132 days in Honduras

8 May

AFS Australia asked me to send through a report to let them know how my AFS experience has been up until today. It’s been published on their website, but for posterity’s sake I thought I would cross-post it to my blog too.

* * * * *

I had the good fortune to complete an AFS high school exchange in 2000 to Brazil. I often describe this year as a once-in-a-lifetime experience, but that hasn’t stopped me from signing up for another AFS exchange, determined to turn once-in-a-lifetime into twice-in-a-lifetime.

Once caught the travel bug is an itchy little critter, so it was with a huge sense of excitement that I said farewell again to family and friends and headed overseas. This time I’ve landed in Honduras to complete a semester-long AFS Volunteer Abroad program.

I’m thrilled I can combine two passions of mine: travel and volunteer work. The idea of ‘seeing the world with purpose’ is a philosophy that very much appeals to me. An AFS volunteer program was the perfect way to realise this goal.

And Honduras certainly hasn’t disappointed. It’s a fascinating country full of contradictions and extremes. I often find myself surprised, elated and dismayed. Sometimes all three in the same day.

It’s difficult to single out just one or two highlights of my trip so far. I’ve explored ancient Mayan ruins, written press releases for UNICEF (my community project organisation), toured a volcanic island in a mototaxi (the Honduran version of a tuk tuk), visited families living in extreme poverty, been bogged in an airboat, and spent many, many hours lazing in my favourite hammock. And that’s just the tip if the iceberg.

I was also lucky enough to celebrate my birthday here. I had a fantastic party with all my extended host family. As well as tacos, tequila and cake, my fiesta included the violent destruction of a piñata. This was a lot of fun and the remnants made a great party hat!

Piñata party hats

I don’t know if it’s because I’ve lived and travelled in Latin American countries before or because I’m now older (confirmed) and wiser (debatable), but culture shock hasn’t been an issue. I’ve settled into life here with an almost surprising ease.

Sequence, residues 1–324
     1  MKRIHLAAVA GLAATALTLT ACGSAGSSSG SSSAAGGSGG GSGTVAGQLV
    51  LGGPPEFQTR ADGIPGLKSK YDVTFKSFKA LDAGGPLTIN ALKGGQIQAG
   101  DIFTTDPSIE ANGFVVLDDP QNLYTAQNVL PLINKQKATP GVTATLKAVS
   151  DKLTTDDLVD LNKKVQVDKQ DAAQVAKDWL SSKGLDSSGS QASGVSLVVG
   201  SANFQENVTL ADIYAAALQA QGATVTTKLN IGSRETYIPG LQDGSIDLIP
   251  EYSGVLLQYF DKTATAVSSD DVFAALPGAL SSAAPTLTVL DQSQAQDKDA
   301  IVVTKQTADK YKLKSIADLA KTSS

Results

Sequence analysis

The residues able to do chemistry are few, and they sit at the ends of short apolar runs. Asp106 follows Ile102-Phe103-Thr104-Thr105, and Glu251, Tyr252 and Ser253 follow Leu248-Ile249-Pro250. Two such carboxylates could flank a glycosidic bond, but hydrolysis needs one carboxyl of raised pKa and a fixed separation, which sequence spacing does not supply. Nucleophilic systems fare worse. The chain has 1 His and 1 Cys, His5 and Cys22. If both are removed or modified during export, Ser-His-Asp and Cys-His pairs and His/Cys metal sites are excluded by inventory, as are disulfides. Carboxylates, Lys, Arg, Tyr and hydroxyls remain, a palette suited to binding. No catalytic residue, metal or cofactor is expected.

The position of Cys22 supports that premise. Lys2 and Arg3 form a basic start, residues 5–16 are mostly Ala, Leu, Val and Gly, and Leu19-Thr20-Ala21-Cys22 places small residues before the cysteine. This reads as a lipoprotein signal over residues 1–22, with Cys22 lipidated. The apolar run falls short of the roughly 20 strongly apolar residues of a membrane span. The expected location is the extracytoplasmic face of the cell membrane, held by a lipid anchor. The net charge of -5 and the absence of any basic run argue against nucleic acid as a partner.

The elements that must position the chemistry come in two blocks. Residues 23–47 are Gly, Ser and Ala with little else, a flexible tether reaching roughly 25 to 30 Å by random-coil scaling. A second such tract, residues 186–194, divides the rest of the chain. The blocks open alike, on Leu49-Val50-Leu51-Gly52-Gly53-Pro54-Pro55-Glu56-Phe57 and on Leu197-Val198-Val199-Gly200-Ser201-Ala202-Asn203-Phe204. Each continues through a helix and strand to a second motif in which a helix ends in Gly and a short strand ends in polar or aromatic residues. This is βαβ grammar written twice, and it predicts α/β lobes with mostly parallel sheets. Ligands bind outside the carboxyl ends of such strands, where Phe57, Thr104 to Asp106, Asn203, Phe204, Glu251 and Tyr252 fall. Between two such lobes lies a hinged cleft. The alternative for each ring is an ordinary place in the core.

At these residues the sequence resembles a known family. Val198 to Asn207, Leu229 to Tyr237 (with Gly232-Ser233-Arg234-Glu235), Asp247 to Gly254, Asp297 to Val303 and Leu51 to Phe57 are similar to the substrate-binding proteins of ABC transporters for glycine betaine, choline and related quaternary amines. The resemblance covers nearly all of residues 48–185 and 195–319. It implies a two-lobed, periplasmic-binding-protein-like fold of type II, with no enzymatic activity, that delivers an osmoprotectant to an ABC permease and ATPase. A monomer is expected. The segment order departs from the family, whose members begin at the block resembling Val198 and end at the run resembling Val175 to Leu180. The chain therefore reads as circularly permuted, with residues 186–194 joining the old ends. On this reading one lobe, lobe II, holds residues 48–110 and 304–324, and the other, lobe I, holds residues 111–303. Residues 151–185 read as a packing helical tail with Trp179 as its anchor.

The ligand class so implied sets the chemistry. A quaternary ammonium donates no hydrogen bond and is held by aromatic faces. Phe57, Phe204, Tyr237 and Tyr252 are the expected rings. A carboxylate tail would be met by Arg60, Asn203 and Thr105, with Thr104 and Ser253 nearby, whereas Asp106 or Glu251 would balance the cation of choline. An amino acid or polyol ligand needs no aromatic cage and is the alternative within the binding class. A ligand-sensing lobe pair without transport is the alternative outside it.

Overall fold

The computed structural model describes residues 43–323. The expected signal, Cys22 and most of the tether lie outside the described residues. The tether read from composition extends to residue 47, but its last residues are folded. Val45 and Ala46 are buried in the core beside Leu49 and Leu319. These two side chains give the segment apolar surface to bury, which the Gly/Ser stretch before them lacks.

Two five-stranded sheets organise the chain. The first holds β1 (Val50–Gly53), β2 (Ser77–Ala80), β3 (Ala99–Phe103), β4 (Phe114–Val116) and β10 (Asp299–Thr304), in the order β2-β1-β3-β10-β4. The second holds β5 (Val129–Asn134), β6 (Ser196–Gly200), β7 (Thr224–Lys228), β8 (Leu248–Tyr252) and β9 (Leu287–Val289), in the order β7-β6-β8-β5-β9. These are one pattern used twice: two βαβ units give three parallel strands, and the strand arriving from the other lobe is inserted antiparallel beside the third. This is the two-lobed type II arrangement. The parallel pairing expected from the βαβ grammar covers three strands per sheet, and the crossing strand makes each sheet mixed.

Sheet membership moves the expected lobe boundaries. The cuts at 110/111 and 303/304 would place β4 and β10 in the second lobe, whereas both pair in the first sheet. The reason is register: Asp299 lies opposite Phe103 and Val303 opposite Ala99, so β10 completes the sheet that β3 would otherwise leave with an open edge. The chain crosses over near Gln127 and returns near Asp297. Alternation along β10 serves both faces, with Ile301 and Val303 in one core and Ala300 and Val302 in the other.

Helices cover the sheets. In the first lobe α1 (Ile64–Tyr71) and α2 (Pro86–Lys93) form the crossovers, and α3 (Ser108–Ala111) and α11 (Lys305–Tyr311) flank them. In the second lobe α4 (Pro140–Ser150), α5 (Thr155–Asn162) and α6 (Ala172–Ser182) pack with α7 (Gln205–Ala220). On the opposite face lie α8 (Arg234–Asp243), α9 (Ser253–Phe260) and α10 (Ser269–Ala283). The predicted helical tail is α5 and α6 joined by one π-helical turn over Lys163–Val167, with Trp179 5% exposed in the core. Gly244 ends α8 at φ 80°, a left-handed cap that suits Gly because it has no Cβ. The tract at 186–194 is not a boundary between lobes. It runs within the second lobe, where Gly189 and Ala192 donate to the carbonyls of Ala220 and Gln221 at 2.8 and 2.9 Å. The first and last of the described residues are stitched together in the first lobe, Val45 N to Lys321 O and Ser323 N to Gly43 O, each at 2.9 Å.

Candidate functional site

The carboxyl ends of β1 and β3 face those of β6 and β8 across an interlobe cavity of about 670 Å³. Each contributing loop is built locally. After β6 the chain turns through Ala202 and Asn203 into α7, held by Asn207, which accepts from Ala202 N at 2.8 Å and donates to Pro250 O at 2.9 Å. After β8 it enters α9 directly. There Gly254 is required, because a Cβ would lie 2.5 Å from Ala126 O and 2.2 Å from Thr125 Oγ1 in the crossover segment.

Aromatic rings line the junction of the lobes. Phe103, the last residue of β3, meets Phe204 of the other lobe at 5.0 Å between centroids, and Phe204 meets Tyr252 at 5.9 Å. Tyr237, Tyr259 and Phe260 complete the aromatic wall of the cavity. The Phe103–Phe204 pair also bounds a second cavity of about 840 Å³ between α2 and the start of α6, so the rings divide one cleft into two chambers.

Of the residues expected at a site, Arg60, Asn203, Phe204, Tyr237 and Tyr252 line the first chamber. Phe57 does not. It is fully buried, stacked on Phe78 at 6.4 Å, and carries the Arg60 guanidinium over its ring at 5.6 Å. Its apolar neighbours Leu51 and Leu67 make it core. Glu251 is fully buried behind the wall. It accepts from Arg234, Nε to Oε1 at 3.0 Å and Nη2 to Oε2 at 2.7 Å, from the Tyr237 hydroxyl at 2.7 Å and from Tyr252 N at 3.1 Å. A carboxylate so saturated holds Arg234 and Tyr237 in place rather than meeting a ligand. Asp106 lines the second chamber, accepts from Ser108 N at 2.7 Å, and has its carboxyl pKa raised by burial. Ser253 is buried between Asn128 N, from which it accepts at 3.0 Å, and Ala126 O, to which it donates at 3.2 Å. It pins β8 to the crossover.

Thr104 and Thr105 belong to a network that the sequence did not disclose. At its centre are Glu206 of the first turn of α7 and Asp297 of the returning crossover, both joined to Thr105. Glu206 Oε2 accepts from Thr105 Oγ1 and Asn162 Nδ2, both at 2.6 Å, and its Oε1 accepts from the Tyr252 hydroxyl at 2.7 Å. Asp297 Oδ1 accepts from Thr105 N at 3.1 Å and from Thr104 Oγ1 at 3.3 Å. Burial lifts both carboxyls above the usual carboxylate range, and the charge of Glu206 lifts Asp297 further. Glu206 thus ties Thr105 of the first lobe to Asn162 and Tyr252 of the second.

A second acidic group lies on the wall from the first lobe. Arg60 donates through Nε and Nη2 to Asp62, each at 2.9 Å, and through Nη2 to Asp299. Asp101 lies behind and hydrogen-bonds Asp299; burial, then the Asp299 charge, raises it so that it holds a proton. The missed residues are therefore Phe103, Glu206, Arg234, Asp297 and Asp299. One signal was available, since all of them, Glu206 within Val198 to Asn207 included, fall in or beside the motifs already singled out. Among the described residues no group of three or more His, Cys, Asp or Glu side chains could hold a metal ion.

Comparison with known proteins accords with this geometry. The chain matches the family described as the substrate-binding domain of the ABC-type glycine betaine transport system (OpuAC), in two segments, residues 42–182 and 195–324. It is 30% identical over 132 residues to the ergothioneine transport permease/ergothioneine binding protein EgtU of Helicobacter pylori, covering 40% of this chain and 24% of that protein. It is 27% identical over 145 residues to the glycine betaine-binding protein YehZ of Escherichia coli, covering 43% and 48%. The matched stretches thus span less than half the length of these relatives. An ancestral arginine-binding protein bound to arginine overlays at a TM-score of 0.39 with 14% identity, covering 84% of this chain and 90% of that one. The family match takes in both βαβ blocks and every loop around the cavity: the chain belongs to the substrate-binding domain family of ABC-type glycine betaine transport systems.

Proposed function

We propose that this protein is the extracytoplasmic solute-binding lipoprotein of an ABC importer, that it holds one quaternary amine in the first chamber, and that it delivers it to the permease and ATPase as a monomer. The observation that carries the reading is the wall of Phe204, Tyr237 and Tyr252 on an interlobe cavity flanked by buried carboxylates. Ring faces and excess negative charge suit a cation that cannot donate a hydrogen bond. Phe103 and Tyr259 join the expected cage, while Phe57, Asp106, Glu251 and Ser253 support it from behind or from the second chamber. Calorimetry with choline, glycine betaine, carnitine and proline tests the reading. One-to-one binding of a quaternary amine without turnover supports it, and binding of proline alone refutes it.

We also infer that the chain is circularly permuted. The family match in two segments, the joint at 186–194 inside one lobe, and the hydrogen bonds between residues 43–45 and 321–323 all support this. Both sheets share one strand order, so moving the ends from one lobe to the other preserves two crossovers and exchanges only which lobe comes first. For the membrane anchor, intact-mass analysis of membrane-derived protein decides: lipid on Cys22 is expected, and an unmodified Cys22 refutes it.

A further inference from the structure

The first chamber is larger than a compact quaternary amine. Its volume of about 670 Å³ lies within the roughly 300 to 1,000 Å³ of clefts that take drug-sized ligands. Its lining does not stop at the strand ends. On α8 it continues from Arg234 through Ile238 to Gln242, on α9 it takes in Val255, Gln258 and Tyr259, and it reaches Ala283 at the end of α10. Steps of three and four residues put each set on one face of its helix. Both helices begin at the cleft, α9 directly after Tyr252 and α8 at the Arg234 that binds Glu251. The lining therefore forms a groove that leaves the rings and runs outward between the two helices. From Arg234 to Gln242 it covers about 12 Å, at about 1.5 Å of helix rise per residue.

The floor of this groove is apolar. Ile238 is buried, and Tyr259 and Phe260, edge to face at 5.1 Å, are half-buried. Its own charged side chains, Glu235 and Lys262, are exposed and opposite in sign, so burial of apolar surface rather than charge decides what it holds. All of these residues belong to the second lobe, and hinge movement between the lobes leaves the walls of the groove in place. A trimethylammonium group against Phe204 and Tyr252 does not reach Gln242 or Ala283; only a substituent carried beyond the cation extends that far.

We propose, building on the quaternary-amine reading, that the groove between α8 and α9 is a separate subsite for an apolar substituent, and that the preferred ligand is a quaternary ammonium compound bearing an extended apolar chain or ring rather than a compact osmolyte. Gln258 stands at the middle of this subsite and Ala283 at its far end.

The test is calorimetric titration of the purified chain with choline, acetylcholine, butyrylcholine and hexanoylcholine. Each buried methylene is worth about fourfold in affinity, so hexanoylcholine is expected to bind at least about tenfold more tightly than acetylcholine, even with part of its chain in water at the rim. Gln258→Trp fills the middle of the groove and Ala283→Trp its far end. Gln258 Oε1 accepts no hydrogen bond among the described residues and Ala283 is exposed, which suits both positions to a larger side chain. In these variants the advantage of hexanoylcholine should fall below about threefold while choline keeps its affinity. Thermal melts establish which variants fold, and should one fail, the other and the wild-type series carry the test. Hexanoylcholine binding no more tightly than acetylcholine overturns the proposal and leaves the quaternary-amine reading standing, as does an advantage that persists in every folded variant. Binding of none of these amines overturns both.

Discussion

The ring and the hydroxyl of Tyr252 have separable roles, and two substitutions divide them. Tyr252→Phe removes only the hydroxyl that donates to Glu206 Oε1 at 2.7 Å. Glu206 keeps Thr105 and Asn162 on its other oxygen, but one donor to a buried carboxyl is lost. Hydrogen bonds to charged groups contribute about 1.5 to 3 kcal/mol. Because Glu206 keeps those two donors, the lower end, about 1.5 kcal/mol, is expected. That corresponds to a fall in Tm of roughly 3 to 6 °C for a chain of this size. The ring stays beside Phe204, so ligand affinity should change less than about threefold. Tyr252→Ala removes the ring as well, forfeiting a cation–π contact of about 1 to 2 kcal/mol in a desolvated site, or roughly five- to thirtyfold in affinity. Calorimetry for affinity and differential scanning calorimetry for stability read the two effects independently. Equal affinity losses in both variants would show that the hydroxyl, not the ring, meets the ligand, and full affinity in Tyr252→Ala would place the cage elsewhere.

However making friends can prove more challenging than you might expect. It can be difficult to express your personality when you’re working with a more limited vocabulary. I’m lucky that my level of Spanish is pretty fluent, but I still find it hard to joke around and banter like I would in English.

One of my host-mother’s friends actually thought I got my words mixed up when I told her I was an extrovert. We now have a running joke that I’m only extroverted in English. In Spanish I’m an introvert.

Introvert or extrovert, the way to get the most out of your exchange is to keep putting yourself out there. Always say yes to any opportunities that come your way. You’ll be surprised where saying ‘yes’ can lead you.

I’m really glad I decided to turn this particular travel dream of mine into a reality. Halfway through my 132 days in Honduras and there are no regrets, just lots of great experiences and happy memories.

If you’re contemplating going on an AFS exchange, I only have three words for you: take the challenge! You won’t regret it.

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